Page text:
For example, here’s a dashboard from one of our largest eCommerce customers (Note that the “Very High,” “High,” “Still Exploring,” “Low,” and “Very Low” categories denote how well our model understands the timing, frequency, copy, and offering preferences of each user):

(If you want to learn more about how we construct our control groups, you can find more info here.)

From the top row (titled “Messages Distribution”), you can see that, on average, only 20% of our messages are in the “Very High” category. This means we’re sending messages that we’re really confident that people want, and these messages are averaging around a 1.7% revenue rate.

(Note: This isn’t just a measure of clicks—these are actual conversions.)

On the other hand, about 40% of our messages are in the “Still Exploring” category, which means our model is more or less sending messages randomly in an attempt to learn more user preferences. These messages are only yielding a 0.6% revenue rate.

So, we’re sending twice as many messages by volume but accomplishing less than half as much with them with regard to revenue.

To put it into easier numbers, if we sent 1,000 “Very High Confidence” messages and 2,000 “Still Exploring” messages, we’d get 17 conversions from the “Very High” messages and only 12 from the “Still Exploring” messages.

We get 42% more conversions with 50% fewer message sends.

**Note: Despite the complexity, it doesn’t take long to start seeing results with this approach. Most apps start to see results of copy personalization within the first few days and timing personalization within the first couple weeks of using Aampe.

…and, since we’re not burning users out with increased message volume, these results only improve as our model continues to learn more and more users better and better.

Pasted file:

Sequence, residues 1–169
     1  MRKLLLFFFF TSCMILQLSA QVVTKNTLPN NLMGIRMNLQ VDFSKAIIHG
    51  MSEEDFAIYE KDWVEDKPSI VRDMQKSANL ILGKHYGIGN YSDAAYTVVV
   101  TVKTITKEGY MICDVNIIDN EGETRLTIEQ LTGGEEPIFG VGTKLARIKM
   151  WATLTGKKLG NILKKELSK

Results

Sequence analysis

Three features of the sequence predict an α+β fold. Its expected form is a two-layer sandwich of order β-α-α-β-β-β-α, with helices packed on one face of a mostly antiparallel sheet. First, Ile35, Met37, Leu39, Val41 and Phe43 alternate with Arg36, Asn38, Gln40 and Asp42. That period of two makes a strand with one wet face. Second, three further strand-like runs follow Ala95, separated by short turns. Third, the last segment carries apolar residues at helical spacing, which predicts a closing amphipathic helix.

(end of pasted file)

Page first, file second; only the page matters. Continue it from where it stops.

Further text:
One more thing: You can’t A/B test your way to these results

The app we discussed above has over 1 million users and sends out almost 500,000 messages each day. 

A large percentage of each of these messages is unique and features different offerings and incentives. They’re also written in different tones with different copy, and they’re all sent at all different times, with each of these variables determined by factors such as a user’s app activity, historical actions, and demonstrated interests, as well as the actions of “similar” users (systematically clustered by relevant shared traits).

There’s simply no way you can accomplish a feat like this by “comparing the performance of Message A to Message B.”

To quickly and efficiently achieve this level of personalization at scale, we employ a mix of data science tools, including reinforcement learning and bandit algorithms (More on that here), to dynamically learn each individual user’s preferences and then serve them the appropriate message from our customers’ messaging catalog at the appropriate timing and frequency.

In addition to radically increasing key KPIs with these methods, our customers have also reported significant increases in their teams’ efficiencies (up to an 11x productivity increase) by not having to manually build segments, create user journeys, etc.

If you recognize the diminishing returns that ever-increasing message volume brings, and you’d like to learn how we can help you use these tools to create lasting results by increasing your ratio of “power users,” please reach out to

Cover image credit msgrowth on Freepik